Sorry folks, I’m late today but never fear I’m getting to my post here. Today is Day 4 of the chat that J.Kaye from J.Kaye’s Book Blog and I are having. I’m not as far as I wanted to be in the novel yet but far enough to know what I wanted to talk about today.
My topic today and what I find fascinating, well really horrifying, is how women had life back in the 1800’s. Jane Austen, to me, just didn’t fit into the mold of what was acceptable back then and we can see reminders of that in her writing: for me especially in Pride & Prejudice as Lizzy seemed a fairly rebellious character for the times. I see evidence of her trying hard to find a suitable man to marry and knowing it was her duty but at the same time she wanted other things like being able to make a profession out of her writing.
There are so many reminders throughout the story of what a woman’s place was. The only hope they had then was to get married-that was a duty of a girl in the family-really her only one. If you didn’t get married then you lived with your parents and took care of them. When something happened to them you had better have had some relatives willing to support you. Of course they could become a teacher or governess-neither of which seemed appealing options back then. Young girls were brought up thinking that desirable qualities were meekness and humility. As they got older their time was filled with learning skills which would make them good wives and able to take care of lots of children.
Other instances are when Jane mentions to a possible suitor, Tom that she’d like to work-to write, he backs off immediately. Now that wasn’t the case with this gentleman but with most in that day this is exactly what would have happened. Women weren’t allowed to work or be forward and aggressive. I could just imagine their shock if they were to see our world now.
I think this is the part of the book I’m enjoying the most. Being taken back into time to the way things were back in the 1800’s with carriages and courting and the way things were in this time period. It’s interesting to read about but I wouldn’t have survived back in those days. My mouth is much too big and being forced into anything doesn’t appeal to me whatsoever. For the women of that time, this was life whether they liked it or not. They didn’t at that time have the power to change things. All I can say is thankfully that has changed.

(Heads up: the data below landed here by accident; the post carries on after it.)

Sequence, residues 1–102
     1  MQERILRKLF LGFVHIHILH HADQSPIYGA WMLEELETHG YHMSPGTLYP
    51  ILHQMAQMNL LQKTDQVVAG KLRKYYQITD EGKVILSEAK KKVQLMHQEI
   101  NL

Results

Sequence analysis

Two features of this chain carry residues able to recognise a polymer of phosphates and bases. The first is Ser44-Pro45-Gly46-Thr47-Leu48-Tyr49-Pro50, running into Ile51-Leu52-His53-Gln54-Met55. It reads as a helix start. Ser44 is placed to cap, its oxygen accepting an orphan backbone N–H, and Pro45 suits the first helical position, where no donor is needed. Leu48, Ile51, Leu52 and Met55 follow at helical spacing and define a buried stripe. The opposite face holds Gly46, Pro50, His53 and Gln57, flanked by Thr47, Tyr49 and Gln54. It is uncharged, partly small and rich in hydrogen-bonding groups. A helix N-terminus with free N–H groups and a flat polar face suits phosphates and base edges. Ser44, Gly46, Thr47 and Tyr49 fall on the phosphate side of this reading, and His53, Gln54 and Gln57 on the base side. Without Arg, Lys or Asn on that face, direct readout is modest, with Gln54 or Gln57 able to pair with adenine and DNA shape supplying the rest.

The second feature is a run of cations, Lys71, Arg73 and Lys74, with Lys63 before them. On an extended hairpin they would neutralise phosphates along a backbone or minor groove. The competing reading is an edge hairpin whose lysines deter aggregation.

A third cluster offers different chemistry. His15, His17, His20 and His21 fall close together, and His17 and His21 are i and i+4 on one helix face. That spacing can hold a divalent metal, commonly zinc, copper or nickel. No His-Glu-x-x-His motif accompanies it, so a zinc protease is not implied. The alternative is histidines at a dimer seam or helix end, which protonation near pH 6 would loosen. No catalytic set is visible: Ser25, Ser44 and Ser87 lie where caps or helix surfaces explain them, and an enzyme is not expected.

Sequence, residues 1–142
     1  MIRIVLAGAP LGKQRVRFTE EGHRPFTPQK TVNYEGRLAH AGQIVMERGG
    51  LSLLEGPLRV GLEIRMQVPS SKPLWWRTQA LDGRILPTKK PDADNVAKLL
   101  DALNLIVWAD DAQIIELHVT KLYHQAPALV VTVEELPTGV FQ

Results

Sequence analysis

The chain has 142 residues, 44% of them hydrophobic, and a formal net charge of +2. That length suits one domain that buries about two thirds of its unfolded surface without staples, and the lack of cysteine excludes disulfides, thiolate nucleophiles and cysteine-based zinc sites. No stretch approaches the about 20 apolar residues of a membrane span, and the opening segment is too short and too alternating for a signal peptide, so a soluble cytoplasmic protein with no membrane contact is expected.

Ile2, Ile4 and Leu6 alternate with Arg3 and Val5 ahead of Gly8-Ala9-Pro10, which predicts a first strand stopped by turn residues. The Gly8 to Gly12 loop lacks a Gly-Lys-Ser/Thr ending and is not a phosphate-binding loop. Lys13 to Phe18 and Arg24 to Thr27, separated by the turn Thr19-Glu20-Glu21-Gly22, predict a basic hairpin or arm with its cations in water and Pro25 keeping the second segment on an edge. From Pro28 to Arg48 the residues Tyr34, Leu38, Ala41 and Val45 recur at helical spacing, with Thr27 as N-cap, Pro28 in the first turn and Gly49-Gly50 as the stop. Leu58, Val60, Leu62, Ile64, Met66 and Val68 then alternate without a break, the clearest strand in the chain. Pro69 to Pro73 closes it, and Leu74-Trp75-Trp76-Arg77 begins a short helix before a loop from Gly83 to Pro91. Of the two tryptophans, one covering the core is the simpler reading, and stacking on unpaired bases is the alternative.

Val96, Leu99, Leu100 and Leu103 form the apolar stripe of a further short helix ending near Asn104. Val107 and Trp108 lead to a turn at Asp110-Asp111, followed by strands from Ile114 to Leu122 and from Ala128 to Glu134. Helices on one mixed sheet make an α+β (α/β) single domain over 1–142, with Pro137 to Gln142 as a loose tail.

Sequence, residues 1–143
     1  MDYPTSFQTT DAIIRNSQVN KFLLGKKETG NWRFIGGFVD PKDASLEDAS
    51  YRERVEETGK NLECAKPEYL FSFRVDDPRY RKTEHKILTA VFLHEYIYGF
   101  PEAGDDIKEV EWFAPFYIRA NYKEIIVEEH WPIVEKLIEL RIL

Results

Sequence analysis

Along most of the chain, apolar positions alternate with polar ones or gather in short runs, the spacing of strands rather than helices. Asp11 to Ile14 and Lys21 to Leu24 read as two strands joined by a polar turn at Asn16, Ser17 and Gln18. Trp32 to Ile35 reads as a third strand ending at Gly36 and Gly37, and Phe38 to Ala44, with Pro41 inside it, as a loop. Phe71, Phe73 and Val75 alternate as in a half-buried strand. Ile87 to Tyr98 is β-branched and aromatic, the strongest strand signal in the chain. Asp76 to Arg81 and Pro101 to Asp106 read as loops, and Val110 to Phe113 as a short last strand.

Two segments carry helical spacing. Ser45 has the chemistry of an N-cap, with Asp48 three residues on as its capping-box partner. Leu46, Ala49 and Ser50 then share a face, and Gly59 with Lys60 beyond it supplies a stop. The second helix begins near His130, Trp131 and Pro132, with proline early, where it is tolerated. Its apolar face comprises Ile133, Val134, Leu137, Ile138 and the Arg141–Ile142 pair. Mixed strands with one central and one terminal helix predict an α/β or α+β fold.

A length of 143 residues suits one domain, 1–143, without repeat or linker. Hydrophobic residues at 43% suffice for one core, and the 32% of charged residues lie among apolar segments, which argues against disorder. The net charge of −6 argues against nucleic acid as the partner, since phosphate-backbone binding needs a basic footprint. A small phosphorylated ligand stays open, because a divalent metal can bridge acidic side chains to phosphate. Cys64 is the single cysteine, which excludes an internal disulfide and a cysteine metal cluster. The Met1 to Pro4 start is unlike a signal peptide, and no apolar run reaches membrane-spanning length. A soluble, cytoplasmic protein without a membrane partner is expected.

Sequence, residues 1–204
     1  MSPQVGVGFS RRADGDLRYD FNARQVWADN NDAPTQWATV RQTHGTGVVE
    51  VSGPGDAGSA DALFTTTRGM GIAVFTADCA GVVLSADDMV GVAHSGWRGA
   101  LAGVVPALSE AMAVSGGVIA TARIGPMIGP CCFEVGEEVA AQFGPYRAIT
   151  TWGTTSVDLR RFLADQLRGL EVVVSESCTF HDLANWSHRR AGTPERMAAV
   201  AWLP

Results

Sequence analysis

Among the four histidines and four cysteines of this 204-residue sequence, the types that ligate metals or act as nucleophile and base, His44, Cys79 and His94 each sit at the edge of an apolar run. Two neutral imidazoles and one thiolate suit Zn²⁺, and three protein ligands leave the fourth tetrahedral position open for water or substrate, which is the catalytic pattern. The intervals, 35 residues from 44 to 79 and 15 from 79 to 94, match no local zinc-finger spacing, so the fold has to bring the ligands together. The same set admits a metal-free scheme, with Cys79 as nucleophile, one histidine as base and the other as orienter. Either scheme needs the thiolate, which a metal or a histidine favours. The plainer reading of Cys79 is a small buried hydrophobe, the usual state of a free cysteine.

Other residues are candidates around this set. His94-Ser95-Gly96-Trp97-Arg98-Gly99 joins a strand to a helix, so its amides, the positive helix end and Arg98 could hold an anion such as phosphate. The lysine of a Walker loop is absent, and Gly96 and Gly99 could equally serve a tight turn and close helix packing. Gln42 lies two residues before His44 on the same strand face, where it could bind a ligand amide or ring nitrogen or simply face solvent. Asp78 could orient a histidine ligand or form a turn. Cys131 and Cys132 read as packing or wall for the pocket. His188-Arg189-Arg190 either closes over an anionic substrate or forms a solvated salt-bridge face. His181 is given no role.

Tomorrow is our wrap up of this novel so be sure to check out both J.Kaye’s Book Blog and here at Peeking Between the Pages. If you’ve missed any previous days, here you go…
Day 1 at J.Kaye’s Book Blog here
Day 2 here at Peeking Between the Pages
Day 3 at J.Kaye’s Book Blog here
Day 4 check it out above
Day 5 wrap up at J.Kaye’s Book Blog and here at Peeking Between the Pages
Join in if you’ve read the book or if you just have a passion for all things Jane Austen.
J. Kaye says
There you are! I was sooooo worried! Okay, now that I know you are okay, I’ll read your post.
Be Write Back…
J. Kaye says
Oh yes, the rights of women were nonexistent back then. And for her to be a famous writer back then was a HUGE deal.
What saddens me in the book is how love eluded Jane. Cassandra, though not married, had found someone who loved her. Jane found out much later someone had indeed loved her, but never knew it at the beginning.
How do you think this affected her writing? It’s something I’ve been wondering.
J. Kaye says
“Be Write Back….”
Gosh, I need to go to bed…lol!
I was looking for you too Dar.. I have really been enjoying the chats this week. I enjoyed this book alot.
I don’t have a big mouth.. I would have been one of those submissive do as I told types and died at 39 having a 5th child with one other surviving children.
Thank goodness that Jane Austen was able to impart part of her simple, modified existence to us in the here and now in 2009. We can enjoy some of the simplicities of life and become empowered by our own civil liberties and rights now..
I also wonder J.Kaye.. how it influenced her writing.
Anyway.. I could ramble on.. I will save some more for J.Kaye’s chat tomorrow.
Thanks Ladies for Hosting..
J. Kaye says
I’ll chat more today about it, but I finished last night. I cried at the end. Flipped me out too. I mean, we know she died. Duh! But the author’s words, I could feel Cassandra’s loss through the author’s words…blubbered like a baby. Totally embarrassing.
Hey ladies, I cut Buddy's hair in the morning and with my health issues sometimes it puts me down for a bit which is what happened. He's done though and looks adorable.
J.Kaye, as I read about Jane's bad luck with the men she loves it makes me sad. She seemed to have been looking so hard to find that something and it just never seemed to happen for her. When I read that part when she found out about Atkins at least I was happy that she knew she hadn't been dumped. There was a reason he had stopped corresponding with her.
I think her writing was affected by all that happened in her life. We learn later on that Mansfield Park and Emma were different from her first novels S&S and P&P. All the things that had happened to her came out in her words to some extent.
LOL-I laughed at that J.Kaye-be write back. Perfect for us readers and writers.
Toni, I'm surprised that I've really enjoyed this book as much as I did. I had a few doubts when I had first started because I had thought it was more of a sequel to P&P but as I was reading I got sucked in.
Toni, that is one thing I do like about back then-the simplicity of things. Our world now is much too busy and there is so much pressure. Thinking of stitching or reading all day sounds so good sometimes. Having all those kids was not only dangerous but crazy.
J.Kaye, I still have 50 pgs to go. I couldn't stay awake any longer last night. This whole book has tugged at my heart along the way. The author did a wonderful job of putting together a story around what might have happened to Jane.